I think posting an official retraction yesterday really put God on my side. This mornings weather was absolutely perfect. It was crisp, sunny, not windy - ahhhhhhhh perfect running weather.
I got my 10 miles in - no problem. 1 hr 43 min. Not so fast, but that's ok. I guess. I tested out my outfit for next weeks race. I think I'm going with the new running skirt from Target. It did ok for the 10, a little creep-age, but I can pick that out. ha ha.
Here's my running quandary of the day. I am a slowish runner, but I'm consistent. When I started to increase my distances and learn endurance, I taught myself to never really stop and walk. If I am tired, I will just slow down to really really slow jog, but I try to not walk (unless drinking water). But there was a girl today that was doing about the same distance as me. She would walk, run, walk, run. But I could not fully catch up with her. Even when she was walking. So, is it better to walk/run instead off just consistently jogging? I guess it's a personal decision. For me, consistently jogging feels like I have accomplished something more than a walk/run.
Thoughts? Comments? Concerns? Doubts? Issues? Please share...
Song of The Day: Our Lips Are Sealed by The Go-Gos
There was a "run/walk" group in my marathon training group last spring. You're right, some of them finished every single run with me, and they got to stop and walk every five minutes! It looked like a great idea, so I tried it out once but it just wasn't for me. If I stop and walk, my body thinks its done!
First - yay for getting in 14 miles in 2 days!
There is all kinds of thoughts on the walk/run. In theory it sounds good to me, but I have a hard time practicing it. For long runs I'll usually resort to 10/1 so I drink, any more walking than that and I have a hard time getting back into my zone. Then again, I'm sure if I trained with more walking I could find a zone.
She might have been doing tempo or speed work??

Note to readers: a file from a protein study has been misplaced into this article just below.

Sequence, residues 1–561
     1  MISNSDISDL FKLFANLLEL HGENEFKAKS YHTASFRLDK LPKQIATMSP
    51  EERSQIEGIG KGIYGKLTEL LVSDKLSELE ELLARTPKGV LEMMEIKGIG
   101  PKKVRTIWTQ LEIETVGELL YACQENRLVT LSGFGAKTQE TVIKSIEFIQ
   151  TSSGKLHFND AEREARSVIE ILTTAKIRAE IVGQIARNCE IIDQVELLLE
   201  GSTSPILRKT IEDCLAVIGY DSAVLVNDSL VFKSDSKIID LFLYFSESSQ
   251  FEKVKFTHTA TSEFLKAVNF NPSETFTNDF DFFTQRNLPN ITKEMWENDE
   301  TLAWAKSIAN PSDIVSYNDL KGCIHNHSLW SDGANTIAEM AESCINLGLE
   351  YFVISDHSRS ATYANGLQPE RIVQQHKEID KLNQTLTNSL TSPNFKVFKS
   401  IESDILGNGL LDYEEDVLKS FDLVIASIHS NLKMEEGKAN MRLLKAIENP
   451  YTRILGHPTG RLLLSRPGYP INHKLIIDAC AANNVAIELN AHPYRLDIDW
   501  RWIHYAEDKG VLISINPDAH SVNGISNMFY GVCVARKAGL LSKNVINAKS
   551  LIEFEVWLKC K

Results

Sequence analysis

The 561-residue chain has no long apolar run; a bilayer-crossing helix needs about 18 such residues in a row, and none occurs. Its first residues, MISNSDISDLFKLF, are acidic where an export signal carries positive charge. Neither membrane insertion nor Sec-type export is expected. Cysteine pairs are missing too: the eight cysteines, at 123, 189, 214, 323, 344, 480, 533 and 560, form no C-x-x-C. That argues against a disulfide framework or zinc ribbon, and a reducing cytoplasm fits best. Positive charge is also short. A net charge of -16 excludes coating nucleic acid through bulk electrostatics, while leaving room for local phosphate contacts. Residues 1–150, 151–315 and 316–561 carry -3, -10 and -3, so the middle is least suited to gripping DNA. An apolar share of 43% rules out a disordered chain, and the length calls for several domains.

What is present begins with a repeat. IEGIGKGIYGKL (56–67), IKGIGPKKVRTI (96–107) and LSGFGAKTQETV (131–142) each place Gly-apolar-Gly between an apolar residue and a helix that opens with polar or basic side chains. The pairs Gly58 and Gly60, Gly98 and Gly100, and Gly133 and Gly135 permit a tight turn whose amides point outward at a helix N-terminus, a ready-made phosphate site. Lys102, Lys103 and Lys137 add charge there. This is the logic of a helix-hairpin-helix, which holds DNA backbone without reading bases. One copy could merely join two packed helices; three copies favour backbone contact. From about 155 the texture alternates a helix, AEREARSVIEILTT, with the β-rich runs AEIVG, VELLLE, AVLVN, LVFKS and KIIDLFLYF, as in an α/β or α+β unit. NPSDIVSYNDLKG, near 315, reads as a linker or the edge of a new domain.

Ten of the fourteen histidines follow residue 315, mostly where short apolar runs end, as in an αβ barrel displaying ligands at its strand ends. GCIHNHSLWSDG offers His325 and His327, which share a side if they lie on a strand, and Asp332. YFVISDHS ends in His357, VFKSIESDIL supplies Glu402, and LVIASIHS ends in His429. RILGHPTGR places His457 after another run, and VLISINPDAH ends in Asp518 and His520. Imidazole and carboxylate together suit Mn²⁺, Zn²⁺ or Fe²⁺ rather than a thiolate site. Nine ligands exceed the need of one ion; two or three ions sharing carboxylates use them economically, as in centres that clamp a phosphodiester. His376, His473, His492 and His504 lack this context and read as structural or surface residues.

Happy rest of your Saturday!
There are definitely different schools of thought from the training and running perspective. However, from the weight loss perspective, (and I just read some studies to look into this very thing) a sustained effort of 65% is better than interval training -- either high intensity, or just normal run/walk as far as fat burning is concerned.
I'm with you. If I tire, I just slow down but never walk. I think the run/walk thing would be hard for me though, because once I start walking I probably wouldn't want to stop LOL
Hey, nice job on the 20 miles this week!
I have some friends that swear by the run/walk method during longer distances. It really helps clear the crap out of your legs, more so than a slower jog. I've never tried it myself, though, even if it is faster overall, I prefer to run the whole way!
Well done on the 10 today and the 20 this week!
I never used to run / walk and would just slow WAAAAAAYYYY down if I got tired. I have found this past year that sometimes, when I'm tired or have the blaaahs or am just really dreading a run, I tell myself I can do 1 mile run, 1 minute walk and it works for me. Not only does it work for me my pace does not seem particularly slower - I did it for 14M today and my average pace was 10:23 - pretty much what I would have expected had I run the whole way.